2

votes

Is it possible to sleep too much?

Answered on August 19, 2014
Created May 25, 2011 at 5:32 PM

Can you sleep too much? where you feel groggy during the day after getting plenty of hours of sleep.

Ed71ab1c75c6a9bd217a599db0a3e117

(25472)

on May 26, 2011
at 03:45 AM

also got a shout out from Robb Wolf on episode 81 in the last 4 minutes of the podcast about chronic pain. Sleep and pain regulation are very tied together.

Ed71ab1c75c6a9bd217a599db0a3e117

(25472)

on May 26, 2011
at 02:55 AM

http://abcnews.go.com/Health/Sleep/perils-sleep/story?id=12161274

Ed71ab1c75c6a9bd217a599db0a3e117

(25472)

on May 26, 2011
at 02:52 AM

no one is prescribing more sleep......if you sleep longer it means your not healthy. If you dont sleep enough your not healthy. We dont need RCT to tell us what this means......we understand the biology behind it. The key point is if you sleep too little or too long guess what.......you need to adapt to a healthier lifestyle.

Ed71ab1c75c6a9bd217a599db0a3e117

(25472)

on May 26, 2011
at 02:50 AM

http://www.ncbi.nlm.nih.gov/pubmed/20469802

Ed71ab1c75c6a9bd217a599db0a3e117

(25472)

on May 26, 2011
at 02:47 AM

http://www.ncbi.nlm.nih.gov/pmc/articles/PMC2864873/

Be1dbd31e4a3fccd4394494aa5db256d

(17969)

on May 26, 2011
at 02:46 AM

Aight. Thanks for the heads up on the heads down.

Ed71ab1c75c6a9bd217a599db0a3e117

(25472)

on May 26, 2011
at 01:52 AM

Not true......if your sleeping a lot tells you you likely have a broken metabolism your body is trying to repair withnautophagy up regulation. That is not a good thing.

6f2c00fcbf48c69f0ea212239b3e1178

on May 26, 2011
at 01:50 AM

Yeah I agree with Ambimorph. The data mightn't be bullshit, but your application is. That data is just correlative, so it doesn't say anything about changing your habits in response to the data. If there's an underlying problem making sicker people sleep longer, those sicker people certainly aren't gonna help themselves by forcing themselves to wake up sooner. So while the data is perhaps interesting, it certainly doesn't warrant PRESCRIBING less sleep. Also, since those are just averages, anybody could be even slightly outside that average and have something like 9 hours be optimal.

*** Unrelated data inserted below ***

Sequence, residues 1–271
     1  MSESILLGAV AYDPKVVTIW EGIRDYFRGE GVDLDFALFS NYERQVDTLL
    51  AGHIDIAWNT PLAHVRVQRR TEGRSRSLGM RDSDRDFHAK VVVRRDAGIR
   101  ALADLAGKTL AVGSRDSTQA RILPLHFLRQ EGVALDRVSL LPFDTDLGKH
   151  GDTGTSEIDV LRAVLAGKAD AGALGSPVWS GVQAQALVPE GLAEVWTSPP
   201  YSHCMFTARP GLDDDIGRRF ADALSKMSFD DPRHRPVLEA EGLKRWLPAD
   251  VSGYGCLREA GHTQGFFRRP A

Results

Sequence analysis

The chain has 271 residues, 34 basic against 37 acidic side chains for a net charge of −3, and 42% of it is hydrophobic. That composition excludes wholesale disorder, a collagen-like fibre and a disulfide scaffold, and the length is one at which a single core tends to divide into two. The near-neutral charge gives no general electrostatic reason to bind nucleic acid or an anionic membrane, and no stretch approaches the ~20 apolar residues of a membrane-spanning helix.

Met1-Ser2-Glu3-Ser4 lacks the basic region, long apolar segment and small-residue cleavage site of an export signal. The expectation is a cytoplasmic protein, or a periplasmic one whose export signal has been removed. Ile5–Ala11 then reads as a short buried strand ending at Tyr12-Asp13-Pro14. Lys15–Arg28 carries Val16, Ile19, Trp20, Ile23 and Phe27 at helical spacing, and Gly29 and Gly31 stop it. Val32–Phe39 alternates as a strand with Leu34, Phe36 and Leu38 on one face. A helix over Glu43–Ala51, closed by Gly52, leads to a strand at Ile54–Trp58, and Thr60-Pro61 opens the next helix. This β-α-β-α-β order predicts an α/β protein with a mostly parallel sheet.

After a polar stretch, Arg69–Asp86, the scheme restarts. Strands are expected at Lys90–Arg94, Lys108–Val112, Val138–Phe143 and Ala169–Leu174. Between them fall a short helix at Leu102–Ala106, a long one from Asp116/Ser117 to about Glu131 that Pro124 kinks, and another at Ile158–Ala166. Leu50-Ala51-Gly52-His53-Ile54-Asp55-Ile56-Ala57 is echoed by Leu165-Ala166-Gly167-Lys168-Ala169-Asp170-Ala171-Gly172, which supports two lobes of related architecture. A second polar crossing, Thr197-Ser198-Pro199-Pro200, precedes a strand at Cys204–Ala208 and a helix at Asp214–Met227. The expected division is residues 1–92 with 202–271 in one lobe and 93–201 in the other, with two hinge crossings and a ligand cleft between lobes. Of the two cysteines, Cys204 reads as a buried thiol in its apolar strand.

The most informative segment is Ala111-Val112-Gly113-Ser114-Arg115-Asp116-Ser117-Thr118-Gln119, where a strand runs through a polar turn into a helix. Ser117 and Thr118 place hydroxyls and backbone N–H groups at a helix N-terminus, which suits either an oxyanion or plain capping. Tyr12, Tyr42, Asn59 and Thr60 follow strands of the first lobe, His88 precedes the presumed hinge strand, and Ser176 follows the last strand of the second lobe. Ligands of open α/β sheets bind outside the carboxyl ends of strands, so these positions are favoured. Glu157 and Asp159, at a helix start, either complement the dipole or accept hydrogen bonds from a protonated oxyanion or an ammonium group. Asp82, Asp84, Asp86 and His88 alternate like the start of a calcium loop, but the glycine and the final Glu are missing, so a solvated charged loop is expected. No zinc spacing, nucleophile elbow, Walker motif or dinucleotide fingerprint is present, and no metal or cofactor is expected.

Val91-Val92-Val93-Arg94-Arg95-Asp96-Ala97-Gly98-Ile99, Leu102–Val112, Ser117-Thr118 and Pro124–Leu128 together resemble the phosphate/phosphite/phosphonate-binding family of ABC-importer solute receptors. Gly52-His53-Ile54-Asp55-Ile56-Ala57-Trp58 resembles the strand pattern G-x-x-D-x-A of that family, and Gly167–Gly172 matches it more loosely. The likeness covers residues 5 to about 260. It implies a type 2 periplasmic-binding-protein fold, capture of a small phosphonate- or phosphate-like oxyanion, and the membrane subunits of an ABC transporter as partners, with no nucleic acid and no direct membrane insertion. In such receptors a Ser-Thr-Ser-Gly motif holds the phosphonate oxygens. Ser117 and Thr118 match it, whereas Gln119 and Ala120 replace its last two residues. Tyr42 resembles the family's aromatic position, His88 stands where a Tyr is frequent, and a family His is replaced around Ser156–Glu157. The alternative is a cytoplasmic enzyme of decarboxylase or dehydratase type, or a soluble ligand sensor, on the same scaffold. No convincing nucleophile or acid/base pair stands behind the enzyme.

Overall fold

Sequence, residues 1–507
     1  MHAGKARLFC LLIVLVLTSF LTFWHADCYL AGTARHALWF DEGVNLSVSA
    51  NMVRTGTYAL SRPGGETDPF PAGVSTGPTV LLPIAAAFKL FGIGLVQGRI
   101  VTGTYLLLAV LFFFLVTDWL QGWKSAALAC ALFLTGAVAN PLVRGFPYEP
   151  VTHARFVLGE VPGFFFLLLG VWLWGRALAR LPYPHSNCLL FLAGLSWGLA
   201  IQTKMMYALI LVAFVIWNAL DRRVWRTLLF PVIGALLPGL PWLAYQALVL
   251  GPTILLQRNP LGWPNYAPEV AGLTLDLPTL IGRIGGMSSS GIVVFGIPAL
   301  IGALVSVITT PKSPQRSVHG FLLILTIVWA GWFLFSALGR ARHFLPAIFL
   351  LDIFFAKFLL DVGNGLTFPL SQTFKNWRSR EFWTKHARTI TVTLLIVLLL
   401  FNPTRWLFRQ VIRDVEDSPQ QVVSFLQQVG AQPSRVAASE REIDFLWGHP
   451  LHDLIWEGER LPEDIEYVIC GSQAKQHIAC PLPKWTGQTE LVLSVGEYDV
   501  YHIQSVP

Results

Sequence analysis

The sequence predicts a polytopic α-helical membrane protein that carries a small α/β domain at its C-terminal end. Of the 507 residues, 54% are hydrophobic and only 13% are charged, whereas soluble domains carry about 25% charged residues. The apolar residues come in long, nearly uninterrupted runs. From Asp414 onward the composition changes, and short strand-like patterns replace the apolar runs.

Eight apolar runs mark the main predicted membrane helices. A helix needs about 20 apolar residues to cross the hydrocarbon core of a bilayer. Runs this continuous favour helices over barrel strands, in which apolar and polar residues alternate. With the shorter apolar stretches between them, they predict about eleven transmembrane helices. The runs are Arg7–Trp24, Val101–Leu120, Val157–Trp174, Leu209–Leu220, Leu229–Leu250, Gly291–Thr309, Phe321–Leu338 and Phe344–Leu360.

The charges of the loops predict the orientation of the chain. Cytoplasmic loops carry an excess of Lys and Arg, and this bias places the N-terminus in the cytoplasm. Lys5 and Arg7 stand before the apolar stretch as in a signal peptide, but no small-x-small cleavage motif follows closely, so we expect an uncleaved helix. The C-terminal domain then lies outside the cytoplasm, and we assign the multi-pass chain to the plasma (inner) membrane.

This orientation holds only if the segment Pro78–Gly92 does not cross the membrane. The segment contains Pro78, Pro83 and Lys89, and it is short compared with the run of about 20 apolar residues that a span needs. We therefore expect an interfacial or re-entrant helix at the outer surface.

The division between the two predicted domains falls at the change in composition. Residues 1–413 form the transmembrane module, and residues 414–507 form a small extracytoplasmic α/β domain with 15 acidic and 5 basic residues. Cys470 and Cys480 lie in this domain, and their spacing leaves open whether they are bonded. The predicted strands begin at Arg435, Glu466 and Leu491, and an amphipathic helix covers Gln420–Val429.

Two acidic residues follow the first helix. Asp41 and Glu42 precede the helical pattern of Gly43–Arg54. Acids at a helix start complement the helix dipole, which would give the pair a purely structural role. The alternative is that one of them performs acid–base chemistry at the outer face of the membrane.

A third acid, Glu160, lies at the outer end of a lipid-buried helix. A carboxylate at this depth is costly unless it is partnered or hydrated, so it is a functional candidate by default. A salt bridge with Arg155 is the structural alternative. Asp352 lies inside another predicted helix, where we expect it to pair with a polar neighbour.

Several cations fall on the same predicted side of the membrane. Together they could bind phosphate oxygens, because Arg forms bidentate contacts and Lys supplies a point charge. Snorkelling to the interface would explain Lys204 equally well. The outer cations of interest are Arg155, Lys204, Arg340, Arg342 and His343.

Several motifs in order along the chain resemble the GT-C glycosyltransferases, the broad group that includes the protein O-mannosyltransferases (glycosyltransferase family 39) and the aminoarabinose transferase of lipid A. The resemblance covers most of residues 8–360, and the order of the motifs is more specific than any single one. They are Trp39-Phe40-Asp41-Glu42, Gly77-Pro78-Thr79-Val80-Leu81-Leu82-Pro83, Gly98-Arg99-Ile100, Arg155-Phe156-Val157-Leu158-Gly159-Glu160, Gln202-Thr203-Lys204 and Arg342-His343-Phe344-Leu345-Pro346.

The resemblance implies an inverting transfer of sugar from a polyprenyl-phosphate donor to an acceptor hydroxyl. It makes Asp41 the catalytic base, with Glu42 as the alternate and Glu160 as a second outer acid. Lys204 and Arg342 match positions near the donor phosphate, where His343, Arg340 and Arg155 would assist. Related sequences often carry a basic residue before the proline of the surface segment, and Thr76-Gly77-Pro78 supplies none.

Ed71ab1c75c6a9bd217a599db0a3e117

(25472)

on May 26, 2011
at 01:50 AM

Ben......your going to love where I go then......trust me.

Ed71ab1c75c6a9bd217a599db0a3e117

(25472)

on May 26, 2011
at 01:50 AM

Ambi that does not matter to those looking to longevity.......a potassium of 3.1 is correlative too to bad outcomes".........but we treat it. We don't need a RCT to treat physiological knowns.

6f2c00fcbf48c69f0ea212239b3e1178

on May 26, 2011
at 01:50 AM

Yeah I agree with Ambimorph. The data mightn't be bullshit, but your application is. That data is just correlative, so it doesn't say anything about changing your habits in response to the data. If there's an underlying problem making sicker people sleep longer, one of those sicker people certainly aren't gonna help themselves by forcing the issue and waking up sooner. So while the data is perhaps interesting, it certainly doesn't warrant PRESCRIBING less sleep. Also, since those are just averages, anybody could be even slightly outside that average and have something like 9 hours be optimal.

Ed71ab1c75c6a9bd217a599db0a3e117

(25472)

on May 26, 2011
at 01:48 AM

It's actually above nine hours stabby or below 5.5 hours from the meta anaylsis done on sleep

667f6c030b0245d71d8ef50c72b097dc

(15976)

on May 25, 2011
at 10:52 PM

I'll add that when I VLC and lifting heavy I routinely got 9-10 hours of sleep. Felt good but always got that much. Nonalarm. Now with about 200 gramsstarch daily I feel even better and still with no alarm I rise after 8 hours on the nose

667f6c030b0245d71d8ef50c72b097dc

(15976)

on May 25, 2011
at 10:47 PM

Holy god, "biologic quantum entanglement". That is gold. I concur, Dr. Who!

100fd85230060e754fc13394eee6d6f1

(18706)

on May 25, 2011
at 10:36 PM

Those data are correlative, not causal. Another potential problem with these numbers is that they are an average. It's certainly plausible that a given individual is healthiest getting 6 or 9 hours of sleep.

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5 Answers

2
Be1dbd31e4a3fccd4394494aa5db256d

(17969)

on May 25, 2011
at 07:09 PM

Sleeping more than 8 hours a night is associated with a higher mortality rate. Whether or not it is because of the sleeping or the sleeping is a symptom of the problem is the question, which I don't know the answer to.

The goal is to get to the point where one is sleeping for about 7-8 hours a night and feels awake during the day. However if one requires 10 hours to feel good whereas 8 doesn't cut it, certainly don't make an effort to wake up earlier than what feel right. Under ideal conditions the internal clock regulates sleep duration and so we should be striving for ideal conditions through everything else we do.

Some people find that melatonin helps them get back into a good rhythm.

Be1dbd31e4a3fccd4394494aa5db256d

(17969)

on May 26, 2011
at 02:46 AM

Aight. Thanks for the heads up on the heads down.

Ed71ab1c75c6a9bd217a599db0a3e117

(25472)